Jenny’s 11-year-old son, Evan, was unfairly thrust into the public eye on Jan. 3 when a report stated that ‘The View’ host was claiming he may not have actually had autism after all. But Jenny quickly took to Twitter on Jan. 4 to clear things up — see what she had to say!
Unfortunately, Jenny McCarthy is being forced to confirm, yet again, that her 11-year-old son Evan has been diagnosed with autism. The View host was pushed to clear things up after a Jan. 3 report cited a years-old story in which Jenny had reportedly questioned her son’s illness.
Jenny McCarthy: The Truth About Her Son’s Autism
In the story published on Jan. 3, Radar Online cited an interview in Time magazine with Jenny in which she says that all of Evan’s autistic tendencies had dissipated. “Evan couldn’t talk — now he talks. Evan couldn’t make eye contact — now he makes eye contact. Evan was anti-social — now he makes friends. It was amazing to watch,” Jenny reportedly said in the interview.
However, that interview was from 2010 — and after the most recent story started gaining traction, Jenny took to Twitter to reveal the truth, and to state that she never even said the quotes attributed to her in that 2010 interview!
“Stories circulating online, claiming that I said my son Evan may not have autism after all, are blatantly inaccurate and completely ridiculous,” Jenny wrote. She continued:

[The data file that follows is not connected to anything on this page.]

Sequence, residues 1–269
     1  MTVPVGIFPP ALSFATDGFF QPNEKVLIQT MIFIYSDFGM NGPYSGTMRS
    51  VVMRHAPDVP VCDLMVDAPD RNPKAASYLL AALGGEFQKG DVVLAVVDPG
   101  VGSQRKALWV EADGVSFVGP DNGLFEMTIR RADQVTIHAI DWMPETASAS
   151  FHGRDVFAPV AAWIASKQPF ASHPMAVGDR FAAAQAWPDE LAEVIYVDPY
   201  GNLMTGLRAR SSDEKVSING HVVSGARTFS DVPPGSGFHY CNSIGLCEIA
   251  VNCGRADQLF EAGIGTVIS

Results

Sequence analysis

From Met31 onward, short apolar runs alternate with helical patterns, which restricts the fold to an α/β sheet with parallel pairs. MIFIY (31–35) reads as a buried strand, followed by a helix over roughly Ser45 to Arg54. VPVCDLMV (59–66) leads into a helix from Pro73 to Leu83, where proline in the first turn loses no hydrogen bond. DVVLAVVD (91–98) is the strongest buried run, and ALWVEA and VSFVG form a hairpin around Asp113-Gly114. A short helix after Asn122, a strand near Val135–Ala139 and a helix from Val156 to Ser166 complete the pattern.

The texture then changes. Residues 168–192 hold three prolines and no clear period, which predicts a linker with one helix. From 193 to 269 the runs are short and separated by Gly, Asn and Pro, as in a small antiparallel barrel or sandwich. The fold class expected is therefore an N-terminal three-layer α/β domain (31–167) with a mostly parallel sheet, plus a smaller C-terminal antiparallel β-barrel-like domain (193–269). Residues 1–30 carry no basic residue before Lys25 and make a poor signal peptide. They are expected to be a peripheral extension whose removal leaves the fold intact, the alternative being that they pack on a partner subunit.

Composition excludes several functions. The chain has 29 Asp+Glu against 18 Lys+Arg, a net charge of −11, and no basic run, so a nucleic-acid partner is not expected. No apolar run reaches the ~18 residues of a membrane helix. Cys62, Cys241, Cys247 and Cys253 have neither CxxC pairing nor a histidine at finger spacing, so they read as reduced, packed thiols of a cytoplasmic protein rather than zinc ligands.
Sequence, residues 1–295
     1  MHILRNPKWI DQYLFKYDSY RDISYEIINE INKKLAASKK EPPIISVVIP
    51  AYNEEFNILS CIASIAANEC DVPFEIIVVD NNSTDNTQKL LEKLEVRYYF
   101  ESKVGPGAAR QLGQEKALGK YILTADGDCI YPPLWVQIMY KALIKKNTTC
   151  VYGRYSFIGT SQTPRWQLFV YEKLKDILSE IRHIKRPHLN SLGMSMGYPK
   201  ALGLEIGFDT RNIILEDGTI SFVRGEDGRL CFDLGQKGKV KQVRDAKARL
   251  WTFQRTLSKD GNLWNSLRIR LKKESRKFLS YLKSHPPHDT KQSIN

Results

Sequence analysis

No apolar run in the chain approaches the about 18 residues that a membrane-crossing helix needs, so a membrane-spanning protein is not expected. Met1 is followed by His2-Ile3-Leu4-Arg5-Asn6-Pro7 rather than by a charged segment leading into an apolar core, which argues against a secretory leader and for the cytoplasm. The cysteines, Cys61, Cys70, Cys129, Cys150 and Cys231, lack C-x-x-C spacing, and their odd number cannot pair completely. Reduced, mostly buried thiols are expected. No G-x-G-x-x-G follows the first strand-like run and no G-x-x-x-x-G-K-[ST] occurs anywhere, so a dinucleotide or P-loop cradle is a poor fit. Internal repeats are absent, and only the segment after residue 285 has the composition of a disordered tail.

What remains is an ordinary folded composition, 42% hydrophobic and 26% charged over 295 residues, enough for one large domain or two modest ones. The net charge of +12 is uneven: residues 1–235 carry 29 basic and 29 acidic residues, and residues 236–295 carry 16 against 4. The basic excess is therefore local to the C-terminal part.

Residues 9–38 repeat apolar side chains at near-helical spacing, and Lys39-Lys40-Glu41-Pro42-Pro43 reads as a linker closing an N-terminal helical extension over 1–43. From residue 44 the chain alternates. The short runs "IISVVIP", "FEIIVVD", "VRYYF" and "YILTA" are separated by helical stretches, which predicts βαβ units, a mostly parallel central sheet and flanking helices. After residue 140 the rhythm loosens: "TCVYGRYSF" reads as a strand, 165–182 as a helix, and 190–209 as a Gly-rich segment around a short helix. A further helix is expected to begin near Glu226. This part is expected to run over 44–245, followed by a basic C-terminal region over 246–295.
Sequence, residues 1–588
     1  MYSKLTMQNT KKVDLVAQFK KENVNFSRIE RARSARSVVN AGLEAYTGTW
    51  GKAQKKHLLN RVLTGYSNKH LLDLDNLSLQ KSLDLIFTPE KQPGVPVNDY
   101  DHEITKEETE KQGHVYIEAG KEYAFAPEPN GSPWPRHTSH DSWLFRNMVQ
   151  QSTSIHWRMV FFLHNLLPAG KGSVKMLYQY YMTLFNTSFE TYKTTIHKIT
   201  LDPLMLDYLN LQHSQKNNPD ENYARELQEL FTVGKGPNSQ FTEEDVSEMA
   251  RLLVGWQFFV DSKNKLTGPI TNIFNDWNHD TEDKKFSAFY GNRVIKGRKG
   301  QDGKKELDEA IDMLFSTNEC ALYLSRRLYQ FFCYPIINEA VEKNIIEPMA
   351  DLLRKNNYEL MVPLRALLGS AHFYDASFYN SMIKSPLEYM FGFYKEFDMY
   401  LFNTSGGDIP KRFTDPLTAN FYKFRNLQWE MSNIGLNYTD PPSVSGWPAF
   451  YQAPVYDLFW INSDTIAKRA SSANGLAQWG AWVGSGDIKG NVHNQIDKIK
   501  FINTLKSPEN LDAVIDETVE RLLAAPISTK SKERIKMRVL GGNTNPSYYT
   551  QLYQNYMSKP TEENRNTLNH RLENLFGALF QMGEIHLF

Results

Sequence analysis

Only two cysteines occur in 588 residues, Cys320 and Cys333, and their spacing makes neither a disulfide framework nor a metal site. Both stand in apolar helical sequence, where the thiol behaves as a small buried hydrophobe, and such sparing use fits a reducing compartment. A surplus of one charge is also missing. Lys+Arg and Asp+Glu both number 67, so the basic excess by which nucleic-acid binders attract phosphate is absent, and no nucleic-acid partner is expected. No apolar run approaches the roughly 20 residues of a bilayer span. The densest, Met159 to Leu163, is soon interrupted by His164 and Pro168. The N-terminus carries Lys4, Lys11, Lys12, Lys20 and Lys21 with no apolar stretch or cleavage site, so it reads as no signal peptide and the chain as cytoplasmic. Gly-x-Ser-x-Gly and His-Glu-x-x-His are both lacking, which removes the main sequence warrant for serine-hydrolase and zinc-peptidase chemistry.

Evan was diagnosed with autism by the Autism Evaluation Clinic at the UCLA Neuropsychiatric Hospital and was confirmed by the State of California (through their Regional Center). The implication that I have changed my position, that my child was not initially diagnosed with autism (and instead may suffer from Landau-Kleffner Syndrome), is both irresponsible and inaccurate. These stories cite a “new” Time Magazine interview with me, which was actually published in 2010, that never contained any such statements by me. Continued misrepresentations, such as these, only serve to open wounds of the many families who are courageously dealing with this disorder. Please know that I am taking every legal measure necessary to set this straight.
It is sad to see Jenny having to set the record straight on such a personal, emotional matter — and we can only hope that Evan and the rest of Jenny’s family haven’t been too hurt by these most recent reports, which were so oddly presented as “new.”
Hopefully now that Jenny has cleared things up, people will be able to see the truth and focus only on supporting people like Evan who have autism, and their families.
— Andrew Gruttadaro